inhibitor (SLPI) and skin antileukoproteinase (SKALP)
(Cox et al 2001)
In humans, GCF tryptase activity corelates with clinical
parameters of disease severity including probing
attachment and bone lossand significantly reduces
following periodontal treatment (Eley and Cox 1992).
Both tissue DPP 2 AND 4 corelate with clinical
parameters of disease severity and significantly reduce
following periodontal treatment (Cox and Eley 1992)
These system detects presence of neutral proteinases
such as collagenases in GCF.
A paper strip used to obtain GCF sample
is placed in contact with collagen gel to
which a blue dye has been covalently bonded.
It is then incubated at 43 degrees.
Intensity α amount of enzyme present in the sample
This system detects presence of serine proteases,
elastases in GCF samples
Intensity of fluorescence α amount of enzyme in the
It is a diagnostic kit that uses a histochemical substrate
for the enzymes coupled to a color detection system
which is releasedif the enzyme attacks the
substrate( Lamster et al 1988, 1991, 1994)
Cysteine and serine proteinases
Developed in conjugation in researchers from Prototek
has following advantages over it-
Can be modified to detect number of different
proteinases including DPP 2 and 4, tryptase etc.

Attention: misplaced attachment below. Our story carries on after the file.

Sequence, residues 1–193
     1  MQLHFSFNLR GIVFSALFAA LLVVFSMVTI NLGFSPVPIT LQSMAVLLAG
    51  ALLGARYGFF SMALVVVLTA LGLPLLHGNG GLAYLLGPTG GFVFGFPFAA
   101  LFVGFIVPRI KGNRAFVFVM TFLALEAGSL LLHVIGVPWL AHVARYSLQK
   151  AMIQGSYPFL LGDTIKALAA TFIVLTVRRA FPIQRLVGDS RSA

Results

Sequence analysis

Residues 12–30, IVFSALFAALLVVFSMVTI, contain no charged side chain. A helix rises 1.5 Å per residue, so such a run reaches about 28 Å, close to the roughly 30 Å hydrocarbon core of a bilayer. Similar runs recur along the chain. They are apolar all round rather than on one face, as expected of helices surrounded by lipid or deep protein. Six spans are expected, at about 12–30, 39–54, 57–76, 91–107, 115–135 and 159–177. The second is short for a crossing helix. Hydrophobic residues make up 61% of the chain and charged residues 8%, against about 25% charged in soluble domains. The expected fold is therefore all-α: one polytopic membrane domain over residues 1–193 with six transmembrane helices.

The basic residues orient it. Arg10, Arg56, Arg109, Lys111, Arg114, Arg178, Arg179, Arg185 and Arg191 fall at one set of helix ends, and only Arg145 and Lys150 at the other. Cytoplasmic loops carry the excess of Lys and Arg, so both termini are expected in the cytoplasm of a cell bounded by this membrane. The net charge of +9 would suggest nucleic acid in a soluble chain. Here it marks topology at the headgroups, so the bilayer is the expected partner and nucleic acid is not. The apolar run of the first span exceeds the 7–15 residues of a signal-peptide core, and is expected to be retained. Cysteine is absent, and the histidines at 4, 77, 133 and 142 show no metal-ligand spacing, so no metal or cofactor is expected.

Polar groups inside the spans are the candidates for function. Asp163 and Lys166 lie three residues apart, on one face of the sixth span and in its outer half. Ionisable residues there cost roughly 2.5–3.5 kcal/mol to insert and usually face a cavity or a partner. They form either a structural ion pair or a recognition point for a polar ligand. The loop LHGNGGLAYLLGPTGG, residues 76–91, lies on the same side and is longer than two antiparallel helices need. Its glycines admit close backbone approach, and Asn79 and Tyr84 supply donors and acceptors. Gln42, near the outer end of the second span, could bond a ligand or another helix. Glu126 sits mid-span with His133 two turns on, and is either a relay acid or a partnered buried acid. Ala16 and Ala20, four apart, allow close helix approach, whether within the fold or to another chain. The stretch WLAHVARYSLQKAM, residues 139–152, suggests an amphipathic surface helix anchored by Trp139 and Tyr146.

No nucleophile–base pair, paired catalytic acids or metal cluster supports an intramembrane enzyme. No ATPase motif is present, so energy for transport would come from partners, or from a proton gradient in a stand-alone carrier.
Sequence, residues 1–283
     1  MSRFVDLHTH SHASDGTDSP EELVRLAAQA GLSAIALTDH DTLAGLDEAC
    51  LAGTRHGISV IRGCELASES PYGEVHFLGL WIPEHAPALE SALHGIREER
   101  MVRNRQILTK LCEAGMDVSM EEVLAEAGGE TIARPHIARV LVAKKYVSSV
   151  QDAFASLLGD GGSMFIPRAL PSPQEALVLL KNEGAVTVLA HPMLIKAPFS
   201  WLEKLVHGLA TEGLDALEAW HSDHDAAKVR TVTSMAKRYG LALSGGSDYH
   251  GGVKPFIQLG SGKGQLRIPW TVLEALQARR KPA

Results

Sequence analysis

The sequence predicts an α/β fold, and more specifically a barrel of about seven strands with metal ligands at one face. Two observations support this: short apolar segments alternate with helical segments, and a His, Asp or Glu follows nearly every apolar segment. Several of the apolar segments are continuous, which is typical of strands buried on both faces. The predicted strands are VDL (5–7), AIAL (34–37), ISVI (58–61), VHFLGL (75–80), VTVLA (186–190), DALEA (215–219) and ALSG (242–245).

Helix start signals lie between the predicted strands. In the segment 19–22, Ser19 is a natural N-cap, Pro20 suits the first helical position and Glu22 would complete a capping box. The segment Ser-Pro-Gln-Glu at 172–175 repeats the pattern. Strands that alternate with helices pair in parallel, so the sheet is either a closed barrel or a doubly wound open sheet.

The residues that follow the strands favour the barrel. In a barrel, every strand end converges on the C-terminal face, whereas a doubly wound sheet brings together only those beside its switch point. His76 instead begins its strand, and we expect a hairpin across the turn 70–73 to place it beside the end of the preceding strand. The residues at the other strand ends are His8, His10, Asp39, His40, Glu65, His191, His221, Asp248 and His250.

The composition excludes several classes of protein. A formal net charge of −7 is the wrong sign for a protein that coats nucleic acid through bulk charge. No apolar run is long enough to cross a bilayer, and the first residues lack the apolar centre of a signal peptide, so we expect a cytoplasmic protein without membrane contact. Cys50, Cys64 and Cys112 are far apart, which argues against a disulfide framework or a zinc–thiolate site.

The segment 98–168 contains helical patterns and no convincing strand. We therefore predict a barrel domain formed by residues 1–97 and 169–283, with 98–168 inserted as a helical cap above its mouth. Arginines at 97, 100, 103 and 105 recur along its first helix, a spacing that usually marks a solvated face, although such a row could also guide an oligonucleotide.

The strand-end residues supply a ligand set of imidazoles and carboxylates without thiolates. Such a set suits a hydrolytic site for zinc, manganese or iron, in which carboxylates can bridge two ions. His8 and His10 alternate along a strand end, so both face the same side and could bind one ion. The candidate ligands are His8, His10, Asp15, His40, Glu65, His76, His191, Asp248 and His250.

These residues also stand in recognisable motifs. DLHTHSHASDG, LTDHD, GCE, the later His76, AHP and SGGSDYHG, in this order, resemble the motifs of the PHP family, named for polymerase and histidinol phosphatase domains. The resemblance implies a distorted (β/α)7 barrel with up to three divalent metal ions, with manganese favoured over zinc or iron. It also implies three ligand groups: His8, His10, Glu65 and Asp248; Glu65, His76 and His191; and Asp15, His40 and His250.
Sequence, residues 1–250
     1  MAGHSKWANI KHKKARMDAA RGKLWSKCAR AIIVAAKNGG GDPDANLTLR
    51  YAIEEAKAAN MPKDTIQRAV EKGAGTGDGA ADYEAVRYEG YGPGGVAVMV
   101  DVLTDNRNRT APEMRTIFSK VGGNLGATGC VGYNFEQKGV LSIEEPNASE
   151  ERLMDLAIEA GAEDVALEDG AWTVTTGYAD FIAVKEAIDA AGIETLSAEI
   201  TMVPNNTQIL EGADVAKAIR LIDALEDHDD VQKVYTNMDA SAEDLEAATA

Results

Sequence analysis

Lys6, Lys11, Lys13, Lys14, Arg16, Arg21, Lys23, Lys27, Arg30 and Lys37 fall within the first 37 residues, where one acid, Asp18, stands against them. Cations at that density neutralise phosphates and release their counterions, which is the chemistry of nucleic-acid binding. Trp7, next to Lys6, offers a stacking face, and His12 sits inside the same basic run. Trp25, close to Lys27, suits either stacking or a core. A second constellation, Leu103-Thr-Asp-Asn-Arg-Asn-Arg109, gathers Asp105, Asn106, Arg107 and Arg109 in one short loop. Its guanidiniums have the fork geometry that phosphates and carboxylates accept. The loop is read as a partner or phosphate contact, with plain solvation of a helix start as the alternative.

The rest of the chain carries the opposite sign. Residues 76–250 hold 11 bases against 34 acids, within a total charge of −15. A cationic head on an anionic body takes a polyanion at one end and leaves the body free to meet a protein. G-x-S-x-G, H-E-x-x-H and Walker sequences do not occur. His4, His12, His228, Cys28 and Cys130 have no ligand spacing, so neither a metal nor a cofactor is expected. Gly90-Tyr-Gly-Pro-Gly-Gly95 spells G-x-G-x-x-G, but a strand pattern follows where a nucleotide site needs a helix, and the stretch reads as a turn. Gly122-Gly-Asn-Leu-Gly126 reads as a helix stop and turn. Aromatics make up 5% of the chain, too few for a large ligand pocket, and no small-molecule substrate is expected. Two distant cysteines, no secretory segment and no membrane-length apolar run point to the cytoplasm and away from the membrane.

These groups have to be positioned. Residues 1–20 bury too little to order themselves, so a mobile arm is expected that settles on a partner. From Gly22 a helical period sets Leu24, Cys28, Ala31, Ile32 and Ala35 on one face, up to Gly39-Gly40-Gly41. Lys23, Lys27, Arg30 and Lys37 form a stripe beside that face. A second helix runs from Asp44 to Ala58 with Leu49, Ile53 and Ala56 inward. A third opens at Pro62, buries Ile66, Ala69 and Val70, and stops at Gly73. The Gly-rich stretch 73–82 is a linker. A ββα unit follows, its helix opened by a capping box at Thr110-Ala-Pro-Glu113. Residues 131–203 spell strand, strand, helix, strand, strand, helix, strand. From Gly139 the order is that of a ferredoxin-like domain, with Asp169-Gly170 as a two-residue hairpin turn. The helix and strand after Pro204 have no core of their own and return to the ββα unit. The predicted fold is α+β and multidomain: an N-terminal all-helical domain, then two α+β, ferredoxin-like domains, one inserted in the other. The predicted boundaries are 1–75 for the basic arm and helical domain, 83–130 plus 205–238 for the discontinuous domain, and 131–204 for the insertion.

GCF sample is collected on a normal paper strip and
therefore leaving group are not introduced into the
gingival crevice unlike Dentsply
Color detection system for this method is more
convenient foe the use in dental practice as it requires
no special apparatus.
Can be read after short time
Can be shown to patient and related to tooth site
Selection of site
When to sample
Choice of most appropriate biomarker may still be
difficult at present state of knowledge
Since cell death is an essential component of
periodontal tissue destruction they should be released
during this process and should pass with the
inflammatory exudate into GCF.
Aspartate amino transferase (AST)
Lactate dehydrogenase (LDH)
Both of these potential markers associate with disease
activity but do not predict it
Can be shown to patient
Can be read after short period
Can be related to tooth site affected
Selection of site
When to sample
Choice of most appropriate biomarker may still be
difficult at present state of knowledge
The detection of breakdown products of normal
components of extracellular matrix could be indicative of
Most complex and expensive
Long collection times
Not suitable for chairside
Possible markers of bone resorption and hence
periodontal disease activity are-
Bone phosphoprotein (N-propeptide)
Telopeptides of type 1 collagen
Most of the potential markers in this group could be
easily adapted into test kits as their detection involves
use of specific monoclonal or polyclonal antibodies.
Osteocalcin- ELISA(Kunimatsu et al 1993) or
CTP- RIA(Giannobile 1995)
Osteonectin, N Propeptide- ELISA(Bowers et al 1989)
Some of these potential biomarkers associate with
the disease but do not predict it
Can be read after relatively short periods
Can be shown to the patient
Choice of most appropriate biomarker is difficult at
the present state of knowledge
Difficulty in determining sites to sample and when
to sample them
Therefore we see the application of antigen
antibody reactions in development of variety of
Only markers with credentials should be used in
clinical practice for the reasons listed below-
1. To prevent destructive disease
2. To prevent progression of the disease
3. To identify high risk patients
4. To target treatment to specific sites
5. To monitor the effects of periodontal treatment